Brian has obtained numerous judgments and settlements in ERISA benefit claims, resulting in the recovery of millions of dollars of benefits owed to his clients.  Some of Brian's notable decisions include:

Moody v. Liberty Life Assur. Co. of Boston, 595 F.Supp.2d 1090 (N.D. Cal. 2008): Decision reinstating long-term disability benefits and finding that the insurer wrongfully abused its discretion by failing to acknowledge the insured’s cognitive impairment and by mischaracterizing the insured’s job duties.

Fontana v. The Guardian Life Ins. Co. of America, 2009 WL 73743 (N.D. Cal. Jan. 12, 2009): Decision awarding all past long-term disability benefits to the insured, and holding that medical records do not have to be contemporaneous with date of disability to establish disability.

Fowler v. Aetna Life Ins. Co., 615 F.Supp.2d (N.D. Cal. 2009): Decision denying insurer's summary judgment motion, ordering extensive discovery regarding the extent of the insurer’s conflict of interest and a full evidentiary hearing with witness testimony on the conflict of interest issue.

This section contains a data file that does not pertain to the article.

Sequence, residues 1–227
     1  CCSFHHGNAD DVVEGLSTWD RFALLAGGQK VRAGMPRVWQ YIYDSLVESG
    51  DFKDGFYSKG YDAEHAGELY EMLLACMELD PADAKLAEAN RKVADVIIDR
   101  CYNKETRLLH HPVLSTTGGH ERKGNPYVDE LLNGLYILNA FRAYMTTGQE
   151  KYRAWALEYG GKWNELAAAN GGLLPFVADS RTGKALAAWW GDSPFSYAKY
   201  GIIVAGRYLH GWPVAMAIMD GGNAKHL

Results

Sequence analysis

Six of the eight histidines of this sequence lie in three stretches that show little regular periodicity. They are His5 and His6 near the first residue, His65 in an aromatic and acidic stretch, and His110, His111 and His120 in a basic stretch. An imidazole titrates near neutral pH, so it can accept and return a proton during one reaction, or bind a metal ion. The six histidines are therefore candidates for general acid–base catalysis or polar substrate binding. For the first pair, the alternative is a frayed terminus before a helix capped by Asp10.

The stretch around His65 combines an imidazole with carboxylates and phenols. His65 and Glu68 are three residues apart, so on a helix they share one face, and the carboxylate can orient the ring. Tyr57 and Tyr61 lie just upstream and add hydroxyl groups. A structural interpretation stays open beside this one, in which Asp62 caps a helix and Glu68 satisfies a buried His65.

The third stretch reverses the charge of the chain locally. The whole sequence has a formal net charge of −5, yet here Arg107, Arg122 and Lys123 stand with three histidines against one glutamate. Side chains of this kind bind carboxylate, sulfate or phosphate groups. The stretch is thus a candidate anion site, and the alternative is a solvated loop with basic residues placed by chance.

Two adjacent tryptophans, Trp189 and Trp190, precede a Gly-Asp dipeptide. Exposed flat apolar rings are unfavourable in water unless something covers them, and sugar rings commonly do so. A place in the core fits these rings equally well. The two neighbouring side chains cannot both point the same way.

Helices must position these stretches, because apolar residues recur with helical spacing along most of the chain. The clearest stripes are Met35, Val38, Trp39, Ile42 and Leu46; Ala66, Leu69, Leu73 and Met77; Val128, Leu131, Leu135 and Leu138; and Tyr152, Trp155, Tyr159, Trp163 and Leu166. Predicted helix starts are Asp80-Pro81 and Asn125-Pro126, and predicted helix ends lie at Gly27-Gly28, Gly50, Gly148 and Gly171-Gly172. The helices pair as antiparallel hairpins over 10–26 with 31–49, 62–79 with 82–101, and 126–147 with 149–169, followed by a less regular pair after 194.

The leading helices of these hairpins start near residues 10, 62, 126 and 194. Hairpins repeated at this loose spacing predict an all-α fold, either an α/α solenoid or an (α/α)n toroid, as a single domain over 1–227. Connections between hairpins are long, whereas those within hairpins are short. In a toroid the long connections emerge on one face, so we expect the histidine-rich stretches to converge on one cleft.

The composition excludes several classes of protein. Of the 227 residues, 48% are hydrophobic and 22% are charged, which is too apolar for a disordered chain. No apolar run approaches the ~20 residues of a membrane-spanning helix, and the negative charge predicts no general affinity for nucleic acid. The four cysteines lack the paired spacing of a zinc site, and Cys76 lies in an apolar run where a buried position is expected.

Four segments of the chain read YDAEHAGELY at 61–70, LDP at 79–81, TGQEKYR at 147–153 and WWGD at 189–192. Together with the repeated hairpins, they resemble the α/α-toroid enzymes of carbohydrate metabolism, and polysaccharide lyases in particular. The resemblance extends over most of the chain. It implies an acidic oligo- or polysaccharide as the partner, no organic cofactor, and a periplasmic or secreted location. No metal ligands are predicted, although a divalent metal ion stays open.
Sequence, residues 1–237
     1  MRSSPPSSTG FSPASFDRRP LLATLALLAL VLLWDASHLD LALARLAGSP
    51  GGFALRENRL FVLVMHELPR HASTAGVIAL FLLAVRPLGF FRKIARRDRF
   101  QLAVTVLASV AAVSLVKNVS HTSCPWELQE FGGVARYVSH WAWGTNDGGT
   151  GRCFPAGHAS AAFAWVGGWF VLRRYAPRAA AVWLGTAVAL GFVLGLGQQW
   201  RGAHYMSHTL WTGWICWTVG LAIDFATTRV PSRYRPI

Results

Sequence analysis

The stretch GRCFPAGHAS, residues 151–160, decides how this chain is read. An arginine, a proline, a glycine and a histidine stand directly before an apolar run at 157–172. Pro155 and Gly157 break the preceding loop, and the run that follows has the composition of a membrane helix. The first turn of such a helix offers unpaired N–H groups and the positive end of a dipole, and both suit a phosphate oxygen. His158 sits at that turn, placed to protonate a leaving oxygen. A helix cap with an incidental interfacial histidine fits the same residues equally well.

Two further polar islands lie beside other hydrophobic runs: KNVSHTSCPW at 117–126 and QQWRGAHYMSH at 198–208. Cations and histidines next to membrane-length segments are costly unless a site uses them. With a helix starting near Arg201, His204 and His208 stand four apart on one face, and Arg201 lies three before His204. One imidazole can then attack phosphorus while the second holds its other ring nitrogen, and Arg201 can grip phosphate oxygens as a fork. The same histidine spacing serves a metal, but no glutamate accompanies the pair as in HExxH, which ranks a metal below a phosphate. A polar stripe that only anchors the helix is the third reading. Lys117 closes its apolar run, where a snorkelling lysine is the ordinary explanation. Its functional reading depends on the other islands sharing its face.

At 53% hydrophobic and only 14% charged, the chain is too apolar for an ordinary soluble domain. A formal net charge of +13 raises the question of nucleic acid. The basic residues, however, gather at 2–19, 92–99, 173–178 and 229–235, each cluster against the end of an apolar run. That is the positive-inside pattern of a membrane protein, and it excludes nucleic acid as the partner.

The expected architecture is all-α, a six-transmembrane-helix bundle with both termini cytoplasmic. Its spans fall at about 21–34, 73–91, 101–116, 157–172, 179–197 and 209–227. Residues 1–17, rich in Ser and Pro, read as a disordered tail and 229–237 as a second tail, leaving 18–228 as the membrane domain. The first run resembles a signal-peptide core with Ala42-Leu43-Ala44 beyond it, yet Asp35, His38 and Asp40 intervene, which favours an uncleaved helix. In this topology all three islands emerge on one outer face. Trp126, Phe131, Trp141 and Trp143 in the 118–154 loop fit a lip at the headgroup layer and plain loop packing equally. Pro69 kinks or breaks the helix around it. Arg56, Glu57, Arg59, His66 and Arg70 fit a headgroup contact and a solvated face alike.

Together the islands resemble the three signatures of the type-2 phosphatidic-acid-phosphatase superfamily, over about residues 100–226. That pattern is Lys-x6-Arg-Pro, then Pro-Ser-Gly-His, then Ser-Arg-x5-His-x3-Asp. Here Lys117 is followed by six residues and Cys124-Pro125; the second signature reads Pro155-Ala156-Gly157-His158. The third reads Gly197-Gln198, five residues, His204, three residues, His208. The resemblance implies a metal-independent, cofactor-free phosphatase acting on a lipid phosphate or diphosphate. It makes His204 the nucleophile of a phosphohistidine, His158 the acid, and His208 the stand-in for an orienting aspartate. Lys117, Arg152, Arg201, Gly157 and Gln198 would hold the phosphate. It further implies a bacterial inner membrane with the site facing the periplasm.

Martorello v. Sun Life Assur. Co. of Canada, 704 F.Supp.2d 918 (N.D. Cal. 2010): Decision granting plaintiff’s motion for summary judgment and holding that bonuses earned pre-disability were required to be included when calculating disability benefits.

Oster v. Standard Ins. Co., 759 F.Supp.2d 1159 (N.D. Cal. 2011): Decision granting plaintiff’s motion for judgment and holding that insurer’s repeat use of peer reviewers, failure to conduct a full and fair review of the claim and failure to comply with its own claims manual provision established an abuse of discretion.